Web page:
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#691119 - 11/28/04 01:02 PM digital : distractive or facilitative
saw Offline
Full Member

Registered: 11/28/04
Posts: 100
Loc: Florida
I am a new member. Adult beginner (about 2 years) working my way through Alfred series and also have a 7 year-old starting to play. I just sold my old Kreiter upright and am considering what to replace it with. Until I am more solvent financially and have a better idea of what I want in an acoustic, I am considering purchase of a relatively inexpensive digital. I have focused in on the Casio privia PX400R as a good all-around practice instrument. However, am also comparing it to a Yamaha P90, and possibly a Roland HP-2 or similar portable. I understand the basic differences, and don't want people to re-hash what's already been said. My summary from reading and trying out is that the Casio is a very functional performer with possible compromise in the area of sound quality and overall quality of the istrument; yamaha is known as the best in real piano feel, and roland is noted for sound quality. btw, have also found a used Roland KR-3 for around $2500 negotiable, but probably would like to stick with something portable. Any experience with these for my level, and as a facilitative guide to learning (see below). I am interested in really becoming much more of a player, including understanding theory; also interested in jazz, ragtime, as well as more traditional music.

Aside from requesting any observations regarding the above instruments, I also have a general question regarding digitals. It seems like with all the options available for digital pianos, that they have the potential to really facilitate the learning process. Yet when I go and look or read about them on the web, it is not at all clear that they fulfill this purpose (I imagine it depends on the student, to some extent). And there are so many levels of digital. Here's my basic question:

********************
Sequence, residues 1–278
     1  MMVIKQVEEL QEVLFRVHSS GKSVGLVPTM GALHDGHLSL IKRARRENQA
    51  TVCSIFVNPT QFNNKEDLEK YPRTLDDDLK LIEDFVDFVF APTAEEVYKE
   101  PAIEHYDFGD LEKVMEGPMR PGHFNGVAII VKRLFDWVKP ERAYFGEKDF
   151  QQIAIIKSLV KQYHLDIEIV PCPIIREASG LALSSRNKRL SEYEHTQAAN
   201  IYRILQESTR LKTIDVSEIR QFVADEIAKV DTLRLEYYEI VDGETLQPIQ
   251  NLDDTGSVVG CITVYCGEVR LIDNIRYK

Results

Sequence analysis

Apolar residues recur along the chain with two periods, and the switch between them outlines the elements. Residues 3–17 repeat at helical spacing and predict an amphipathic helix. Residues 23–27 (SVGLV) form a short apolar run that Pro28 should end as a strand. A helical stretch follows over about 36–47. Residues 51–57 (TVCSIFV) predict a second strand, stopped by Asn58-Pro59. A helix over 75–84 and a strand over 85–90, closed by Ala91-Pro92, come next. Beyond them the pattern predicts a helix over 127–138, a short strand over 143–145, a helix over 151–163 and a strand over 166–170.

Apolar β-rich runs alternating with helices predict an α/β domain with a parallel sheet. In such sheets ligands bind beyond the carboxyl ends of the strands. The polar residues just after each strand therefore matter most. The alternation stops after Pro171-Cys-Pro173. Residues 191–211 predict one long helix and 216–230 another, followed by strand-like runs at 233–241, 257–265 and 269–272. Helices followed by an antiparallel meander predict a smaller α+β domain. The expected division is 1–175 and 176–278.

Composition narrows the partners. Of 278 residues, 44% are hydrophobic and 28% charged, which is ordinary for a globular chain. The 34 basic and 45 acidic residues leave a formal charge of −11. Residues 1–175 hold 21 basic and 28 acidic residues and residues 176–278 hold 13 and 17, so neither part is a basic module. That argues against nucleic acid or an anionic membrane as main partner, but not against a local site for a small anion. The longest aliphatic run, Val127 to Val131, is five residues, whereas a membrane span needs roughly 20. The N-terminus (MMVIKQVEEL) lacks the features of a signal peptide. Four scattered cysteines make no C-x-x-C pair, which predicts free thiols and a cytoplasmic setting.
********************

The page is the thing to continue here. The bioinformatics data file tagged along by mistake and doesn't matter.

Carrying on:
Are they really helpful for the learning process? If so, at what level of instrument sophistication (basic digital, stage piano, intelligent, etc.) It seems like lots of the functions on digitals are more for fun (not that I'm opposed to that) and might actually be a distraction to the learning of music (e.g., lighted keys on the Casios). But it also seems that digitals have the potential to catapult the student, facilitating a quantum leap to the next level. Any thoughts on this meandering question?


Celebrate and enjoy the journey!

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#691120 - 11/28/04 02:04 PM Re: digital : distractive or facilitative
saw Offline
Full Member

Registered: 11/28/04
Posts: 100
Loc: Florida
I'm going to piggyback on my own post here. I just talked with a salesperson regarding a sale they were having today, and was steered toward considering a roland or a Kawai ES-1 on a close-out. Regardless of brand, it was mentioned that brands like casio, and to a lesser extent yamaha, are marketed to be closer to being "disposable" instruments. Particularly casios, the implication that if it breaks, there's not much to do other than send it back to the manufacturer. Whereas, with Roland and Kawai, they are purportedly touted as being more true to the musical education process, and are much more serviceable over the long term. How much truth to this? Also, I understand that Kawai ES1 was awarded keyboard of the year in 2002. Are the Kawai digitals superior, or primarily personal preference? As previous, if I just need to go back and re-read previous posts, then just point me in the right direction. thanks,

Celebrate and enjoy the journey!

#691121 - 11/28/04 02:44 PM Re: digital : distractive or facilitative
Lightnin Offline
Full Member

Registered: 07/17/04
Posts: 210
So this salesman only had Roland and Kawai to sell? Everyone knows about salesmen \:\) Whatever they have to sell is always the best, no contest.